General K and the Divisional General gave me a very warm welcome, as did also all the officers I have come in contact with during my time in France.

The officers here too, who don’t know me, are very charming and good fellows. The most noticeable thing in this war, I think, is the good qualities that the fighting men have discovered for our happiness and inspiration.

So dear Old Syd is where I expect to be shortly. I must write to him & try and gain touch.

By the way, Garwood, Tyrrell etc (my boys) got out all right. Only the gentlemen higher up got snaffled.

With my dear love to all
Yours ever
Percy

Letter from Percy Spencer (D/EZ177/7/7/32)

A strenuous time with tanks

There was news of several soldiers associated with Broad Street Church in Reading, while the men’s group was trying to help displaced civilians in France.

PERSONAL

Captain L. Victor Smith, MC, has many friends and well-wishers at Broad Street, and they were all delighted to see him once more when he was recently home on furlough. Captain Smith had been having a most strenuous time with his tanks, and we were all glad to know that he had come safely through many perils “without a scratch”. We pray that God’s protecting care may continually be about him. During his stay he was summoned to Buckingham Palace to receive his Military Cross at the hands of the King.

News has been received that Air-Mechanic Fred W. Warman, of the RNAS (eldest son of our friends Mr and Mrs Warman) is interned in Holland. He was in an air-ship which “came down” there a few days ago. Whilst we deeply regret this misfortune, we rejoice to know that our young friend’s life has been spared, and we trust he may be as happy as circumstances permit. We all sympathise with his parents in their anxiety.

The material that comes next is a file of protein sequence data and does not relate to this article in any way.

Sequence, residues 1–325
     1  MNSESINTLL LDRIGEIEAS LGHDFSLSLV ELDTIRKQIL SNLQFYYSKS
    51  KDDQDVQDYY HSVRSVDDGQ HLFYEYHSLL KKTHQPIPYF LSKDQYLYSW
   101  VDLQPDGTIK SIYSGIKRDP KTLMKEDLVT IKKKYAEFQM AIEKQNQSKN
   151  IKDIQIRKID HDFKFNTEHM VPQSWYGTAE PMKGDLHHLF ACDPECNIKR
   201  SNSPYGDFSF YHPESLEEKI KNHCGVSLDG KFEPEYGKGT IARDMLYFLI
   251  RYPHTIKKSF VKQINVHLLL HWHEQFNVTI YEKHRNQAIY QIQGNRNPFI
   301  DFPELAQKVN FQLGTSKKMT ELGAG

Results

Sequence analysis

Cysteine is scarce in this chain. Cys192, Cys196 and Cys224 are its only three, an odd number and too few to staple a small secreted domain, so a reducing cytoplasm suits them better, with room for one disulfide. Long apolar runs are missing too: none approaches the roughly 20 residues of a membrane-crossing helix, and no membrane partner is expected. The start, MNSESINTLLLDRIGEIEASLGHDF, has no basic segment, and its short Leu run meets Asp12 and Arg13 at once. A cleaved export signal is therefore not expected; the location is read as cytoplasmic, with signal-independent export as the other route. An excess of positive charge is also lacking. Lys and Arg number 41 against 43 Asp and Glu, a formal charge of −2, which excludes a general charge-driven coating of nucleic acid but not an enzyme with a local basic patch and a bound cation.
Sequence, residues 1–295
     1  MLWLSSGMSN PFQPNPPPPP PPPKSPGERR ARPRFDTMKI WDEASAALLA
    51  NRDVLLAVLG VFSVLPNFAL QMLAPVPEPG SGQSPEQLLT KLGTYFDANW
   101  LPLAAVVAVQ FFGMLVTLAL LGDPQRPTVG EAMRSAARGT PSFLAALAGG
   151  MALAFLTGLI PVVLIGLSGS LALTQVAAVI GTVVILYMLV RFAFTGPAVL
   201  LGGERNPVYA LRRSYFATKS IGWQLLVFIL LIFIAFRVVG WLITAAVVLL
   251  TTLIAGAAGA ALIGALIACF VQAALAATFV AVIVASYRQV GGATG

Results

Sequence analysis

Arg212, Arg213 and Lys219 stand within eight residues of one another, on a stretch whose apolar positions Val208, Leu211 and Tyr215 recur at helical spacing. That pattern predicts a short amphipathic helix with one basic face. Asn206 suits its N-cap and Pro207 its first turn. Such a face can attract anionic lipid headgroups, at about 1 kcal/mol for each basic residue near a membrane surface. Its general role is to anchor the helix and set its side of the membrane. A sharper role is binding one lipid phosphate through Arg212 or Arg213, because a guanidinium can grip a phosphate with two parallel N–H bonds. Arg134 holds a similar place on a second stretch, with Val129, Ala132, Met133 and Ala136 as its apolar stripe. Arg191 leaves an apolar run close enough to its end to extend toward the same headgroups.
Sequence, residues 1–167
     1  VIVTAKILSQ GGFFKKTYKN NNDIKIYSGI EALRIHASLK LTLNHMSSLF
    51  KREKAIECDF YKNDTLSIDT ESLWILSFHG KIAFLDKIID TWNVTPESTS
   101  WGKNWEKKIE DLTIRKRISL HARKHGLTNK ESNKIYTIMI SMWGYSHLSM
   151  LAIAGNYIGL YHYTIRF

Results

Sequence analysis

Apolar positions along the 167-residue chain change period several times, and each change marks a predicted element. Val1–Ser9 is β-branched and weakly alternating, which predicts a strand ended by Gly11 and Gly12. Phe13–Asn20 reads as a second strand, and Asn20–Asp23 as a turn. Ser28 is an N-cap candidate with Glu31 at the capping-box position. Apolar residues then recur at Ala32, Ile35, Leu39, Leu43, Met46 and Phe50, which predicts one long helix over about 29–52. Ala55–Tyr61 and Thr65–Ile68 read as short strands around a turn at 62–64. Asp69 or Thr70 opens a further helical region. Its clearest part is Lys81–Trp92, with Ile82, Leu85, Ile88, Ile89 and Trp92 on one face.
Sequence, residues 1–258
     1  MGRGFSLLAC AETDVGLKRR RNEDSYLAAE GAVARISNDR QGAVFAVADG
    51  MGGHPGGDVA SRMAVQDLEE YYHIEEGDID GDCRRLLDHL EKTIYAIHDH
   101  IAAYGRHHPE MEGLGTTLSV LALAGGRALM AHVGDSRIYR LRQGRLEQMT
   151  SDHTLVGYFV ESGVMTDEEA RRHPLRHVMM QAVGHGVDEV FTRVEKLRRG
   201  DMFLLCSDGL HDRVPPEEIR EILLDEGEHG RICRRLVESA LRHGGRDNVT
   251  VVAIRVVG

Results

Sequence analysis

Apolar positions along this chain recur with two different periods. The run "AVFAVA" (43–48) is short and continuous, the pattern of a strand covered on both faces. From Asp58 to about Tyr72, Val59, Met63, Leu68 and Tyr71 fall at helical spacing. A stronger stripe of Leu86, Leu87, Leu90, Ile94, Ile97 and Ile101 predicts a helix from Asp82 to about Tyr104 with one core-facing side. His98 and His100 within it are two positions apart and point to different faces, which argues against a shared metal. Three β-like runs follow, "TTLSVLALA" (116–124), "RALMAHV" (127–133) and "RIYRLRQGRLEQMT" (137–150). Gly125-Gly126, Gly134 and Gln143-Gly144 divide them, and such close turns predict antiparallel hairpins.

At the time of writing, 2nd Lieut. Leslie Pocock is on his way to India, and the thoughts and prayers of many at Broad Street go with him. We trust he may have a safe journey, that he may come safely through every experience, and that some day in the not distant future we may have the joy of welcoming him home. He will be missed in many branches of our church work.

Quite a number of our “men in training” have been home recently for a short furlough. We refrain from mentioning names for fear lest some should be overlooked. It is always a pleasure to see them at the services, and we take this opportunity of telling them so. The Minister is not always able, as he would wish, to speak to them. They get away too soon. He wishes they would “stay behind” for a few moments at the close of the service so that he might have opportunity for a word of greeting.

We should like to join our Brotherhood Correspondent in his appreciation of the generosity of Mr Tyrrell. At the conclusion of the Brotherhood meeting at the Palace Theatre, Mr Tyrrell promised £40 to provide one of the huts which the Brotherhood National Council propose to erect for destitute families in the devastated districts of France. Mr Tyrrell requested that his name should not be publicly mentioned in the matter. He wished the money to go from Broad Street Brotherhood. But seeing that someone “gave away the secret” to the local press, there is no reason now why the name should be withheld. We hope this generous lead will inspire the Brotherhood Committee to renewed efforts on behalf of their distressed brethren in Northern France.

Reading Broad Street Congregational Magazine, January 1918 (D/N11/12/1/14)

“Grateful appreciation of the remembrance”

Broad Street Church continued to support both their own men at the front, and the strangers stationed in Reading.

CHRISTMAS PARCELS
The members of the committee responsible for the sending of Christmas parcels to our men serving with HM Forces desire to thank the many friends who contributed, either in money, or kind, or both. Parcels were despatched to all the men connected with Church or Brotherhood in time to reach them before Christmas, and already many letters have been received expressing grateful appreciation of the remembrance. We hope to be able to give a few extracts from these letters in a subsequent issue.

SOLDIERS’ WELFARE COMMITTEE
Several of the ladies who are helping in connection with our work for the soldiers have expressed a desire to change their day for duty. In order that this might be possible, a new rota will be arranged in the early days of the New Year. Ladies wishing for a change are requested to communicate with either the Chief Superintendent (Mrs Tyrrell) or the Secretary (Mr W A Woolley) before January 10th. Any other ladies who would be willing to help in this admirable work are requested to give in their names by the same date. The hours of duty are from 2 to 5.30 in the afternoon, or from 5.30 to 9.30 in the evening.